With just under 10 per cent of the vote counted, Greens candidate Amy MacMahon had 39.5 per cent with Trad on 34.3 per cent.
ABC election analyst Antony Green said Trad could not win from second place as Liberal National Party preferences would favour the Greens. He later said MacMahon was likely to win on first preference votes alone.
“It looks like Jackie Trad is on the way to being defeated,” Green said.
Trad faced several integrity investigations this term and while she was ultimately cleared of corruption or misconduct, she was nonetheless tarnished and stood down from Cabinet.
As a result, Trad was the target of a savage LNP campaign across the state, and during the campaign had to rule out seeking a return to Cabinet, something Annastacia Palaszczuk continued to be questioned about. Even in Friday’s leaders’ debate, LNP leader Deb Frecklington raised the spectre of Trad’s return to Cabinet, while social media posts declared she would be Labor leader.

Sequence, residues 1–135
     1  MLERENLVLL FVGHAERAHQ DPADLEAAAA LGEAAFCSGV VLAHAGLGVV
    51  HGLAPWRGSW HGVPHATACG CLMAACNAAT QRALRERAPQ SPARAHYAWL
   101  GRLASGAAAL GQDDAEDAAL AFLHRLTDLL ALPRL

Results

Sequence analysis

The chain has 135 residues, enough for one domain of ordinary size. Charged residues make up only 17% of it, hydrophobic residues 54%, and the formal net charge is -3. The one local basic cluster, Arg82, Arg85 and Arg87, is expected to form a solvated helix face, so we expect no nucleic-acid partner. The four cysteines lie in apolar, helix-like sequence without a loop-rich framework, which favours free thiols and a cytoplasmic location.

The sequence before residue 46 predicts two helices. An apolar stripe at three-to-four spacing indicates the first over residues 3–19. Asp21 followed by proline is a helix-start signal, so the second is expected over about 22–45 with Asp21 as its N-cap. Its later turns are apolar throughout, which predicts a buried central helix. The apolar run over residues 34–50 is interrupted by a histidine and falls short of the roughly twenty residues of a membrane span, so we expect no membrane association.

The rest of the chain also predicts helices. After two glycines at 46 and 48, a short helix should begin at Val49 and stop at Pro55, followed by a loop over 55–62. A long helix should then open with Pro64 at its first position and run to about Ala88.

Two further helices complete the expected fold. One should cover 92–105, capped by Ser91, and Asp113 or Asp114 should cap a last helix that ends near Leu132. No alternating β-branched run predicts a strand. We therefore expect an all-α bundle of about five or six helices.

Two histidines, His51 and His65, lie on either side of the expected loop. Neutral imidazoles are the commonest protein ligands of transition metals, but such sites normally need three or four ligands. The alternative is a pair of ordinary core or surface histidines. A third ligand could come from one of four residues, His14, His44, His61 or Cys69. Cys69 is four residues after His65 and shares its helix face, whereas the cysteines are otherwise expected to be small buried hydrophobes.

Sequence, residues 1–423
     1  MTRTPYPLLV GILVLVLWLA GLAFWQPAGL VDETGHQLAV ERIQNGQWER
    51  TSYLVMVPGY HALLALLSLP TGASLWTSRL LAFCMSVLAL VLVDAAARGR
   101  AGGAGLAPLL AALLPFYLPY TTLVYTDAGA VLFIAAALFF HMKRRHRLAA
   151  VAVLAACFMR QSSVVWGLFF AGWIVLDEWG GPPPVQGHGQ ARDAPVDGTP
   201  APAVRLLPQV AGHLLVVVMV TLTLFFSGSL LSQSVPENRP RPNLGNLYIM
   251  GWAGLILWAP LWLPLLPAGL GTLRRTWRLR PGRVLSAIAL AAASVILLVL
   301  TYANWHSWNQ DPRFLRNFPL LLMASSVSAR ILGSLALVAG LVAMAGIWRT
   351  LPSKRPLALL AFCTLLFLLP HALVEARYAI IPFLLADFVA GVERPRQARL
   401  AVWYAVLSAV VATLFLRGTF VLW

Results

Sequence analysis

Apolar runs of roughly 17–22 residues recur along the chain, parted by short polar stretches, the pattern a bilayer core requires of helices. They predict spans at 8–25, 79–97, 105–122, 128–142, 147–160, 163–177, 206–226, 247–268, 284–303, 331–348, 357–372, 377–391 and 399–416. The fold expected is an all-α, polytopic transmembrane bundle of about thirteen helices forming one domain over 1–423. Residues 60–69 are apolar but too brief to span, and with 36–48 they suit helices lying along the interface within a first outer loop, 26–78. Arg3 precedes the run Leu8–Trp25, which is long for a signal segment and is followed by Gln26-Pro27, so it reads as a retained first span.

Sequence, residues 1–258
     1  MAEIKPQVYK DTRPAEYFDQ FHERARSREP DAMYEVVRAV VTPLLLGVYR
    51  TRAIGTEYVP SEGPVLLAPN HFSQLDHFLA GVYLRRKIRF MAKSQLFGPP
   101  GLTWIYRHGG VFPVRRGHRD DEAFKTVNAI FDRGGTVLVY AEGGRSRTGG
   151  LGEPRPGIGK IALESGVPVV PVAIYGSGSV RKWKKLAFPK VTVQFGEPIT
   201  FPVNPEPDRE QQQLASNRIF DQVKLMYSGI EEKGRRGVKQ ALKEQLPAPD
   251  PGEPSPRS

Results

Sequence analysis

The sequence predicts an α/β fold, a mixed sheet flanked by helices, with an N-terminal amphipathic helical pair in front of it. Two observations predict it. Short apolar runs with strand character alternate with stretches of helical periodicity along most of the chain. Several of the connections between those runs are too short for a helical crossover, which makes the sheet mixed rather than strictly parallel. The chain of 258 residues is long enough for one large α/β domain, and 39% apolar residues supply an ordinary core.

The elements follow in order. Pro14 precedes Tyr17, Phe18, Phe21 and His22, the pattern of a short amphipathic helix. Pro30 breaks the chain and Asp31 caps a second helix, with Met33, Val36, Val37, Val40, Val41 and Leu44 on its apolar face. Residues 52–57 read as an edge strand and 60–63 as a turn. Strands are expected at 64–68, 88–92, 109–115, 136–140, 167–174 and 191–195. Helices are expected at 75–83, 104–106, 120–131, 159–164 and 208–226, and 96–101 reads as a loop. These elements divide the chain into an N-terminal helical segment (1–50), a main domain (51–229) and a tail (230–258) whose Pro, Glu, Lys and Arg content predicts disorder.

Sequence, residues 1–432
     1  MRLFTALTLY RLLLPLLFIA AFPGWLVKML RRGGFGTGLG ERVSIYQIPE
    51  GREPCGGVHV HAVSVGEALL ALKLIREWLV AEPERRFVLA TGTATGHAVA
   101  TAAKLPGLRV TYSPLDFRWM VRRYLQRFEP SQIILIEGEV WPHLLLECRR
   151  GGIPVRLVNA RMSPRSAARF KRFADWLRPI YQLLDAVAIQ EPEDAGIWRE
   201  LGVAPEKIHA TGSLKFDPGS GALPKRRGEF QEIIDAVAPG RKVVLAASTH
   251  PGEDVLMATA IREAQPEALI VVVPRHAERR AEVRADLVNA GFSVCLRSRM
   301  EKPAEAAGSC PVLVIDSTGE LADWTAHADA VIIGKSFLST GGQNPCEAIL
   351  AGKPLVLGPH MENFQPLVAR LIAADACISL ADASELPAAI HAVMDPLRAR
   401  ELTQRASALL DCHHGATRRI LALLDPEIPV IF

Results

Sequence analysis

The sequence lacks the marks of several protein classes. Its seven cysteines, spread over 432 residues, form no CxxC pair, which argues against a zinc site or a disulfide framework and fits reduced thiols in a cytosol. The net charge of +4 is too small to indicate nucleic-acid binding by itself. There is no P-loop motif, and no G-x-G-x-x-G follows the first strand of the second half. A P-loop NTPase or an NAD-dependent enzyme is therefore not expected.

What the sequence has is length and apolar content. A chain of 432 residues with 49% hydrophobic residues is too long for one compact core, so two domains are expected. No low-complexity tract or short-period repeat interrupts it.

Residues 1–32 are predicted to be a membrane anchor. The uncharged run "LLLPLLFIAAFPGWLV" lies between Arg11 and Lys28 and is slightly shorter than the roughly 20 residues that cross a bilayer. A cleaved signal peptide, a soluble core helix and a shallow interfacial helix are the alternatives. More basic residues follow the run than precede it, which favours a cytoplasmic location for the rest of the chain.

MacMahon said voters were “fed up” with the major parties and supported the Greens push for clean energy and higher mining royalties to pay for better public services.
“This sends a message … that it’s time to put Queenslanders first,” MacMahon said.
South Brisbane was also one of the first seats where the LNP decided to preference Labor, an unusual decision that would see the right-wing party preferencing left-wing Greens.
Deputy Premier Steven Miles said South Brisbane would be “challenging”.
“But let’s be clear, it is only challenging because the Liberals had chosen to preference against her,” Miles told the ABC.
“If they had preferenced the Greens last, then Jackie wouldn’t be in trouble at all.”Jump to next article